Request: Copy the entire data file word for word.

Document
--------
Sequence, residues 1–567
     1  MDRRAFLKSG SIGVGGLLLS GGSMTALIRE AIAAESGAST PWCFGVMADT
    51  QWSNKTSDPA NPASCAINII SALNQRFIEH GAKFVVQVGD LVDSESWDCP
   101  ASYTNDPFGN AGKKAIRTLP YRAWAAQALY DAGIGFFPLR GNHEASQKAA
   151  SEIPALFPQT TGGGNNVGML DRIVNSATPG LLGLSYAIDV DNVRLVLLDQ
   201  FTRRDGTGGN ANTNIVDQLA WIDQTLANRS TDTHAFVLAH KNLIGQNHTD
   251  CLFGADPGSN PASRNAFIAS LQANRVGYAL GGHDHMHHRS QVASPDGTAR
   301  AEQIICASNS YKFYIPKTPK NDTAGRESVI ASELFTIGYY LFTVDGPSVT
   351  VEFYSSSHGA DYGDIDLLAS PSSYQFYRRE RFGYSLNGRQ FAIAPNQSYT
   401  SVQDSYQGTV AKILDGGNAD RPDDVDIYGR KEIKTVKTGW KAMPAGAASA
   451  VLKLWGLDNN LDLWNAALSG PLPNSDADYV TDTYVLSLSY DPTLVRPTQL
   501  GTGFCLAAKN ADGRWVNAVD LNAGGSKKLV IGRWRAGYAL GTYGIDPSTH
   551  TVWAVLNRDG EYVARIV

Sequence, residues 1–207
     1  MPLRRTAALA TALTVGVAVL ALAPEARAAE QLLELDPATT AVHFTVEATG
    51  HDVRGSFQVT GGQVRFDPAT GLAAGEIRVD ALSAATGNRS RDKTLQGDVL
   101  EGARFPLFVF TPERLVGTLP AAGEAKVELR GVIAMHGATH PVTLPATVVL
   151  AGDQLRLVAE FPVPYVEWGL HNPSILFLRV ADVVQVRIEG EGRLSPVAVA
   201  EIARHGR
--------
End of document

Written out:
Sequence, residues 1–567
     1  MDRRAFLKSG SIGVGGLLLS GGSMTALIRE AIAAESGAST PWCFGVMADT
    51  QWSNKTSDPA NPASCAINII SALNQRFIEH GAKFVVQVGD LVDSESWDCP
   101  ASYTNDPFGN AGKKAIRTLP YRAWAAQALY DAGIGFFPLR GNHEASQKAA
   151  SEIPALFPQT TGGGNNVGML DRIVNSATPG LLGLSYAIDV DNVRLVLLDQ
   201  FTRRDGTGGN ANTNIVDQLA WIDQTLANRS TDTHAFVLAH KNLIGQNHTD
   251  CLFGADPGSN PASRNAFIAS LQANRVGYAL GGHDHMHHRS QVASPDGTAR
   301  AEQIICASNS YKFYIPKTPK NDTAGRESVI ASELFTIGYY LFTVDGPSVT
   351  VEFYSSSHGA DYGDIDLLAS PSSYQFYRRE RFGYSLNGRQ FAIAPNQSYT
   401  SVQDSYQGTV AKILDGGNAD RPDDVDIYGR KEIKTVKTGW KAMPAGAASA
   451  VLKLWGLDNN LDLWNAALSG PLPNSDADYV TDTYVLSLSY DPTLVRPTQL
   501  GTGFCLAAKN ADGRWVNAVD LNAGGSKKLV IGRWRAGYAL GTYGIDPSTH
   551  TVWAVLNRDG EYVARIV

Sequence, residues 1–207
     1  MPLRRTAALA TALTVGVAVL ALAPEARAAE QLLELDPATT AVHFTVEATG
    51  HDVRGSFQVT GGQVRFDPAT GLAAGEIRVD ALSAATGNRS RDKTLQGDVL
   101  EGARFPLFVF TPERLVGTLP AAGEAKVELR GVIAMHGATH PVTLPATVVL
   151  AGDQLRLVAE FPVPYVEWGL HNPSILFLRV ADVVQVRIEG EGRLSPVAVA
   201  EIARHGR